Ready, steady, teach - Sharp words that still wound

Tes Editorial

Fifteen years on, I once again find myself the victim of bullying within school. However, I am no longer the shy teenager who was so cruelly victimised for two years by a fellow pupil jealous of my academic and sporting abilities. This time, it is a member of staff and I am a newly qualified teacher.

Just a week ago I facilitated a day with my 11-year-olds that focused on bullying and conflict resolution, yet it took a tearful conversation with a union adviser to finally hear and believe those same awful words: "You are being bullied."

Everyone said that the NQT year would be tough. However, a complete lack of support in terms one and two destroyed all of my confidence in the classroom and the staffroom.

Whispered rumours about my past and mutterings of discontentment about my performance were not that far removed from my experiences as a child and I found myself experiencing that same feeling of isolation.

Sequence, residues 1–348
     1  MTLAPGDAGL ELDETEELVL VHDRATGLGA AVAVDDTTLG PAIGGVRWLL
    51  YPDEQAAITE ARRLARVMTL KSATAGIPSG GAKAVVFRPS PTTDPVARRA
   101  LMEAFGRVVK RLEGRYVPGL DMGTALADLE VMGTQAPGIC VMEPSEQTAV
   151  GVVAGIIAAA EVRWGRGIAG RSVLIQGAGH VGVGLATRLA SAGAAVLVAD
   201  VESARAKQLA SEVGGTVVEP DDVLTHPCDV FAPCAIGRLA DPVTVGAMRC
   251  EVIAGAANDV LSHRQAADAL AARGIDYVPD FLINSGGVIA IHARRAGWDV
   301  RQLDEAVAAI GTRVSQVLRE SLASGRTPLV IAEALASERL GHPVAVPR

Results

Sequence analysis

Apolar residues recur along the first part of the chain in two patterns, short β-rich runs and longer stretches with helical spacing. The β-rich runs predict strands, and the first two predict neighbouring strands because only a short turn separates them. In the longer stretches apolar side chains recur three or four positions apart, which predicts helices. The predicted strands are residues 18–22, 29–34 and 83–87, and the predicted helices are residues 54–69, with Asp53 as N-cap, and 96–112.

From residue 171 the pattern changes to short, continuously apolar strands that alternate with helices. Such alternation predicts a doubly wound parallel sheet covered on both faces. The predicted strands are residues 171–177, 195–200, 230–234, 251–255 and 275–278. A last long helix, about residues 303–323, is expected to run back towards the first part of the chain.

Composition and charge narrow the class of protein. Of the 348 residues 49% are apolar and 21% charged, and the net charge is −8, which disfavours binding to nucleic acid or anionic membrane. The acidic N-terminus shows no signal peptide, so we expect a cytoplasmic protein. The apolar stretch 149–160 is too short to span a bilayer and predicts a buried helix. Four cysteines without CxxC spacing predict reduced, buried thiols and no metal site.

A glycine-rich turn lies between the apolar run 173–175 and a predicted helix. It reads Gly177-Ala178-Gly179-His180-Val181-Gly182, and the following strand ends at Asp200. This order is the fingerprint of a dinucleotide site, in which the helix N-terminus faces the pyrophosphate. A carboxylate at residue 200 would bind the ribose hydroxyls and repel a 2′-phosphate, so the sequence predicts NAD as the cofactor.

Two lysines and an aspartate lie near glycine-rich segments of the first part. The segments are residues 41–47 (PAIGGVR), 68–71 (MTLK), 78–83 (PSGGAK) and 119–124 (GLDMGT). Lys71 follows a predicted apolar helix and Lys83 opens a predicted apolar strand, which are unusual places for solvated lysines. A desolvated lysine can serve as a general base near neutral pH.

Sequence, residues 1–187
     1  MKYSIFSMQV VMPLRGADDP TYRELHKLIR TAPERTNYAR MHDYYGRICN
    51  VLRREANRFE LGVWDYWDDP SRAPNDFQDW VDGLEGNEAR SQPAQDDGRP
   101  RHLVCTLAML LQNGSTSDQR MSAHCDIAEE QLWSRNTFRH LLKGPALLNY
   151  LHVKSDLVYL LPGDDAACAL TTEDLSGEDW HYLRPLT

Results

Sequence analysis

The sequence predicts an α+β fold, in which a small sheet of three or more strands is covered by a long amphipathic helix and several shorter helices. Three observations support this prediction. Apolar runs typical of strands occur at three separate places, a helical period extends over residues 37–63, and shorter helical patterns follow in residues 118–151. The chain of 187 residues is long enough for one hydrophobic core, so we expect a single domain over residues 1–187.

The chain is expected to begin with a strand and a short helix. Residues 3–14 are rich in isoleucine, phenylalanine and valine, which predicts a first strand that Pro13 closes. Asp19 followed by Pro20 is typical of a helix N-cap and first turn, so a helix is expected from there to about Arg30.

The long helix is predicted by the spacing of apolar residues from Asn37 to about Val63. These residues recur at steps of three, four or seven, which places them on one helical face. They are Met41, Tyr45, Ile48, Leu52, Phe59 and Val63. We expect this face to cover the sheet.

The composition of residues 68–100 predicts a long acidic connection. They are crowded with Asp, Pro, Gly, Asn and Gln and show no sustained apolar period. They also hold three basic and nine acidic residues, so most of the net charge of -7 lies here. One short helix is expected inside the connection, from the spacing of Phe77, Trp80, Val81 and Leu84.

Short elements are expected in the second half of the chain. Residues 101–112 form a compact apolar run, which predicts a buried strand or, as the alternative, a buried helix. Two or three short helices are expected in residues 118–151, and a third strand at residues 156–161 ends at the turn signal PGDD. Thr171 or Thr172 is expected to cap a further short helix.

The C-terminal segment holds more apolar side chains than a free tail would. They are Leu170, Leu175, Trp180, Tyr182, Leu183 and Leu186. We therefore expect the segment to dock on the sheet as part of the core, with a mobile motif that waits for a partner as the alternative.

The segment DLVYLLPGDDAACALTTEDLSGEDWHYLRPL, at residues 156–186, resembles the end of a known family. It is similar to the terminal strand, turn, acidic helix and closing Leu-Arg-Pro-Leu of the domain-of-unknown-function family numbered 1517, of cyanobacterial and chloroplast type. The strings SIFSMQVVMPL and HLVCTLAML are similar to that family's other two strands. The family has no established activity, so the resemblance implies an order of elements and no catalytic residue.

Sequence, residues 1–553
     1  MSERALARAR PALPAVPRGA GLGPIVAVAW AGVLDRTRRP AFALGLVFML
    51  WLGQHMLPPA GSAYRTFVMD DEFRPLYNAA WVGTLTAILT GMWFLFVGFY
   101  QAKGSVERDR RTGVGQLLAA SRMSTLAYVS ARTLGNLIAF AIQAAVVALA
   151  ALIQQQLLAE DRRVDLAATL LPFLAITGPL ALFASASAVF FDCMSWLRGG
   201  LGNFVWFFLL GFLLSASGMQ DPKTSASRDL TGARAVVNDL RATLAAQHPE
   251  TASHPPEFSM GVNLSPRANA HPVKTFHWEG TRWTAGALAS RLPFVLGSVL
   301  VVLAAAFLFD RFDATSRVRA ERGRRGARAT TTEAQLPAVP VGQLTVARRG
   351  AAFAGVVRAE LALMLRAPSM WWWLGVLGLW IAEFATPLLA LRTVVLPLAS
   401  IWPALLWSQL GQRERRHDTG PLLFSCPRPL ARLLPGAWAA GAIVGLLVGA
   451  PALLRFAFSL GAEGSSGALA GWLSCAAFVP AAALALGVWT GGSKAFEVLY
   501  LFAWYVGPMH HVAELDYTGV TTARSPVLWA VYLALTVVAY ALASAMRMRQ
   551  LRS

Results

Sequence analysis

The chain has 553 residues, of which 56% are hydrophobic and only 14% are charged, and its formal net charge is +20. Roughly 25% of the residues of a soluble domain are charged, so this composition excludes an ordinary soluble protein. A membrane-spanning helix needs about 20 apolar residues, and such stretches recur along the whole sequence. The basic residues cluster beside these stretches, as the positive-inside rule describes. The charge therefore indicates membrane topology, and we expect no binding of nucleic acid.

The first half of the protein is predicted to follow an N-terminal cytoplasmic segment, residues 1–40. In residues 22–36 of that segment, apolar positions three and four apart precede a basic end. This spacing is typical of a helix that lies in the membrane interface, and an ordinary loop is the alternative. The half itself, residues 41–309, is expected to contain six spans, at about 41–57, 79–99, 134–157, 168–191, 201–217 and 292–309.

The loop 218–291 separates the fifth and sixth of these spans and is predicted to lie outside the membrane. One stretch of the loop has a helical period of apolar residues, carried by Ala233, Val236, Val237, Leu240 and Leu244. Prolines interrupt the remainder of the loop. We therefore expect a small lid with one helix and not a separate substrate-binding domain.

Schools, although busy places, can be terribly lonely for the NQT trying to establish their position in the highly political structure. Many teachers are "on their way": clear about their direction and prepared to step on anyone to make their next leap. Other teachers are "established": far too busy and self-important to interact with a lowly NQT.

However, I write this article not to demoralise those thinking of entering the profession, but to stress that schools can also be places of great support; it just may not come in a guise you expect, and it may be necessary to actively seek it out.

It was my mentor who abused her power as head of faculty and, for three terms, broke my spirit and self-belief. Eventually, I sacked her and decided to stand up to her bullying.

Now, with a new mentor outside of my department, I have an ally who is committed to my professional development. I am also aware of the different people at all levels within the school who are approachable for support in all aspects of school life.

Although it has been hard, this job is worth fighting for. Teaching my classes is a privilege and I consider myself lucky to have a job in which each day is so exciting and fulfilling.

I will continue to fight the bully. I will not be broken.

Name and school withheld.

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Tes Editorial

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